The past twelve months have primarily been for regulation of the cryptocurrency industry in different regions which at one time, banned the use of the innovative payment method.
Among those regions was Indonesia who in October 2018 created a framework that banned the usage of cryptocurrencies for payment, but allowed citizens to trade it on exchanges.
Despite that development, a Feb 14 Reuters report suggests that securities authorities in the country may still be unhappy with the government’s decision to allow crypto trading and as such are planning to stifle the growth of the emerging industry.
Last week the Indonesian Commodity Futures Trading Regulatory Agency, known as Bappebti, released the following as capital requirement for cryptocurrency platform who wish to offer a Futures contract to natives:
One trillion rupiahs ($71.17 million) of which 800 billion rupiahs ($56.7 million) will be set aside as deposit.
For individuals offering such as futures contract, Jakarta Post reports that the minimum operating capital stipulated by the regulators is:
One hundred billion rupiahs ($7.13 million) of which 80 billion rupiahs ($5.7 million) will be set aside as deposit.
Undoubtedly, these capital requirements already look too expensive to be met by participants in a relatively new industry.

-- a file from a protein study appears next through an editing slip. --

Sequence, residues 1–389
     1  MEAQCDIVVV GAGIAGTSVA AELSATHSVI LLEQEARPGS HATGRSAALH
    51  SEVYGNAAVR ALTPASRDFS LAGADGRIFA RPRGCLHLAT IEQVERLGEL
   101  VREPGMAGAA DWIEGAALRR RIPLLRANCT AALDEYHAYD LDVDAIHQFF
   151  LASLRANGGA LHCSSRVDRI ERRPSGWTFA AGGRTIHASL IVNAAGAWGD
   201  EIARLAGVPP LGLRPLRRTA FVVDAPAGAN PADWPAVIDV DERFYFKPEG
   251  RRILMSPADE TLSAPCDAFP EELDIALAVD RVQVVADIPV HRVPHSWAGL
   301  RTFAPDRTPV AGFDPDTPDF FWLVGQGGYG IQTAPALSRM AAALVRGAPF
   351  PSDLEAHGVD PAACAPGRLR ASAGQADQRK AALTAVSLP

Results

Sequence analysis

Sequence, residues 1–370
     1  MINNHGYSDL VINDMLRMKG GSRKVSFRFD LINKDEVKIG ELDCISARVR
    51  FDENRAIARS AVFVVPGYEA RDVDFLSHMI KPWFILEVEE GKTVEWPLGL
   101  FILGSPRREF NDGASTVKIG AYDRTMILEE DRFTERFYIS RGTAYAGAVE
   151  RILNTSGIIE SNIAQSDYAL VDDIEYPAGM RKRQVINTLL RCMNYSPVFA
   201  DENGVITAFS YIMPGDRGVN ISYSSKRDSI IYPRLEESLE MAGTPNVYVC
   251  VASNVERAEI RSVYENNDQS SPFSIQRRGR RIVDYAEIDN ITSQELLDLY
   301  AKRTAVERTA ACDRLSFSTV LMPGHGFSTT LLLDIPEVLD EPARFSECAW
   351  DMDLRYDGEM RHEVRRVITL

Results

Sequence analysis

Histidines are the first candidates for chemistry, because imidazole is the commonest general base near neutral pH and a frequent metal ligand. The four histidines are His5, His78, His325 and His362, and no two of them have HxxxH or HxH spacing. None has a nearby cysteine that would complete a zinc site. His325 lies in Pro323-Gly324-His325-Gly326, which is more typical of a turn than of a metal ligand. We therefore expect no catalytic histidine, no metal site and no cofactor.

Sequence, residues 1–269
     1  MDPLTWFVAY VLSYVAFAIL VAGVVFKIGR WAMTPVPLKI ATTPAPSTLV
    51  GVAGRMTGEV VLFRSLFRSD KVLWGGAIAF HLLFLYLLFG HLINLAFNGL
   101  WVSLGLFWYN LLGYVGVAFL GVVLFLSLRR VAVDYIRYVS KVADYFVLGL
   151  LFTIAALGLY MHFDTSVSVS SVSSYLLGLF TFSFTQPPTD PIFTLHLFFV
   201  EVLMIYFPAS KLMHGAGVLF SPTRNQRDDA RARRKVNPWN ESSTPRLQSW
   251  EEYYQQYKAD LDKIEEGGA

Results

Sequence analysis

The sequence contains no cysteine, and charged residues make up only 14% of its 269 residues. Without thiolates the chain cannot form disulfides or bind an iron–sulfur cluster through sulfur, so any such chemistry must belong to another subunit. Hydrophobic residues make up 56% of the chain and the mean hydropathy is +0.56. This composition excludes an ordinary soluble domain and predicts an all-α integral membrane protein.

Oscar Darmawan, CEO in local cryptocurrency exchange, Indodax went further to confirm that the stipulated capital threshold is more than what regulators require from companies who are setting up rural banks.
Also, it is well over the 2.5 billion rupiahs ($177,400) minimum requirement for exchanges that offer futures trading contract for traditional commodities.
He concluded that although the regulators had slapped those high requirements to protect investors, it could as well ‘kill the industry,’ unless it is amended in due course.
Other industry participants also slammed the high capital requirements and looked set to consult Bappebti for a review since the regulators never held any discussions about it with them, before enacting the rules.
Meanwhile, Indonesia's neighbors, India have stalled plans to legalize cryptocurrencies for fear that it will overtake its fiat currency, Rupees.
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